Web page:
“Nearsighted” and “brainy” have long gone together. They’re every bit as much a thing as “ditzy” and “blond.”
How ever much you shake your head at that, think about it: if you were given an assignment to draw a studious nerd, er, person, wouldn’t you draw a guy with glasses and a pocket protector (cowlick and protractor optional)?
Sure you would.
Now I live in a house filled with readers. It was something we could anticipate—the wife and I—that sooner or later, a trip to the ophthalmologist would end in a prescription for spectacles, to correct the myopia that was bound to occur in our children, as it had in their parents before them.
We tried to stop it, tried to forestall the inevitable issue of four-eyed children, their perfect little faces marred by the addition of (designer!) plastic frames and lenses. We told them not to read under the covers with flashlights after lights out. We told them not to sit too close to the TV. But none of it worked.
A new study suggests we were on the wrong track. It seems myopia (nearsightedness) is about spending more time in school and getting a higher education. At least these are the two factors that were found to be associated with both a higher prevalence and a greater severity of myopia. The study, performed by researchers at the University Medical Center of Mainz, Germany, was just published in Ophthalmology, a journal associated with the American Academy of Ophthalmology. The research trial is unique for suggesting that a person’s environment may contribute more to nearsightedness than genetics.
Apparently, more people are nearsighted than ever before. So it’s no longer just about looking like a nerd—it’s become a global health issue and an economic one, as well. Severe myopia is one of the chief causes of visual impairment, glaucoma, and premature cataracts.
Just how prevalent is nearsightedness? It seems that in the U.S., approximately 42% of the population is nearsighted. But it’s even worse in the more developed countries in Asia, where some countries have myopia rates as high as 80%! The fact that the rate is rising quickly suggests that environmental factors are in play. Some of the environmental factors that have been implicated in nearsightedness include close work (think embroidery, computer work, and reading), limited time spent out of doors, living in the city, and level of education.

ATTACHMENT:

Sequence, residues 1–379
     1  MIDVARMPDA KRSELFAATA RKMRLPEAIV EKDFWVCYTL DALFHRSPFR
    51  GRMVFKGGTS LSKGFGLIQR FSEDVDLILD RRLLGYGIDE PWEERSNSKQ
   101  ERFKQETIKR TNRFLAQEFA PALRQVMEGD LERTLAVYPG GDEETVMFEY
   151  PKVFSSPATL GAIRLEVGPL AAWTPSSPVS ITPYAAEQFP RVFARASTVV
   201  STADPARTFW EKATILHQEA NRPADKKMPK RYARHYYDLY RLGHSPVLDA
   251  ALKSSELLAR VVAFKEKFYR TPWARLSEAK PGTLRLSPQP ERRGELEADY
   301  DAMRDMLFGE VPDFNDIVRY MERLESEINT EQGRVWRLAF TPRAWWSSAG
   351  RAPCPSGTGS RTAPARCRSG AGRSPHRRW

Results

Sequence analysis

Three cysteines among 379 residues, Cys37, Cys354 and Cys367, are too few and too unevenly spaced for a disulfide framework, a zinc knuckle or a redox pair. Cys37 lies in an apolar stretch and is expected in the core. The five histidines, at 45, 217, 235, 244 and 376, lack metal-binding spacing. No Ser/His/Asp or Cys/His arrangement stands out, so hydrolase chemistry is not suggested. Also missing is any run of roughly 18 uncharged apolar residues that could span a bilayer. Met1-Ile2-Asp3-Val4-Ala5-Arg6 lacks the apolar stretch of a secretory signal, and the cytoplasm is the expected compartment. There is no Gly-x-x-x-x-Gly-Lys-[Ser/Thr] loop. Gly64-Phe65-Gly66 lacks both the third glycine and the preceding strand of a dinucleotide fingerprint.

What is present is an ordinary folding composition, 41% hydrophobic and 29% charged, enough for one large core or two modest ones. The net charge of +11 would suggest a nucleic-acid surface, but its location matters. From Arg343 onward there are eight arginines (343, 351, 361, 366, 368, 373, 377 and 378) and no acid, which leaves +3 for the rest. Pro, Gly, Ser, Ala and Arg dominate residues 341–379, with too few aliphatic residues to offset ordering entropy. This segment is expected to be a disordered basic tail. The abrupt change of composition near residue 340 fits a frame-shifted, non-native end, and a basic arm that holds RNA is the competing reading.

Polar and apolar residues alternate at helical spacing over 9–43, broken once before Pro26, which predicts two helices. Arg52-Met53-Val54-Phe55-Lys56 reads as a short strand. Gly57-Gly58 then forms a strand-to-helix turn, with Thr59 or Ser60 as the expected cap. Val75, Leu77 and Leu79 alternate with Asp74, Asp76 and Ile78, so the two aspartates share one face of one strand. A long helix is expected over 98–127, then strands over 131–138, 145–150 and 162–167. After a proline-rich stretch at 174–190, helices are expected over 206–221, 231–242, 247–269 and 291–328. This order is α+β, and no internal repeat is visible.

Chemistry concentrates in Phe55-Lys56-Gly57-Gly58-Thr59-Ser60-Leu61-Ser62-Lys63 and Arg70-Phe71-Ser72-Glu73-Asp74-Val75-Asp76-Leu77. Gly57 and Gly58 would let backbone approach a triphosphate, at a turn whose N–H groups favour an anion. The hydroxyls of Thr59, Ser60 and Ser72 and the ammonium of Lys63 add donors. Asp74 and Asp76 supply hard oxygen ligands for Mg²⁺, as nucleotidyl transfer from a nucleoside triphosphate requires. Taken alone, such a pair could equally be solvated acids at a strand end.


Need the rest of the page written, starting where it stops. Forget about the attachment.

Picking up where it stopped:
In an attempt to pin down the link between the development of nearsightedness and education, the researchers examined 4,658 Germans aged 35-74, eliminating those with cataracts as well as those who had experienced refractive surgery. The results of their research, entitled the Gutenberg Health Study, found that the incidence of myopia increased as the level of education rose.
Among the findings:
- 24% of the participants with no high schooling or vocational training were found to be myopic
- 35% of high school and vocational school graduates were myopic
- 53% of those with college graduate degrees were myopic
But there’s more. Nearsightedness wasn’t only associated with higher learning but with those who spent more years in school (think flunking, if you like—or just plain old graduate studies—either way, it comes out to more years in school). The severity of nearsightedness worsened for every year spent in class!
Not convinced? So okay, the researchers also took a look at the effect of 45 genetic markers in relation to nearsightedness, but just didn’t find a significant link to genetics as a factor in the degree of myopia as compared to the level of education.
What’s the solution? It may be as easy as pushing kids out the door. It seems that recent studies, say over the past half a decade or so, studies performed in Denmark and Asia using kids and young adults as participants, discovered that more time out of doors and a greater exposure to sunlight is linked to lower rates of nearsightedness.
Lead author of the study, Alireza Mishahi, M.D., is erring on the side of caution, “Since students appear to be at a higher risk of nearsightedness, it makes sense to encourage them to spend more time outdoors as a precaution.”
One caveat from this dad: make sure you slather them all over with sunscreen and get them some decent sunglasses, too. You want to protect their skin and eyes from too much sun, which is just as bad as not enough.
Sometimes it seems impossible that we’ll ever manage to get the balance just right.
 Increased Prevalence of Myopia in the United States Between 1971-1972 and 1999-2004. Arch Ophthalmol 2009;127(12):1632-1639
 The Association between Time Spent Outdoors and Myopia in Children and Adolescents, Ophthalmology 2012: 119(10): 2141-2151
 Evidence Mounts That Outdoor Recess Time Can Reduce the Risk of Nearsightedness in Children, AAO.org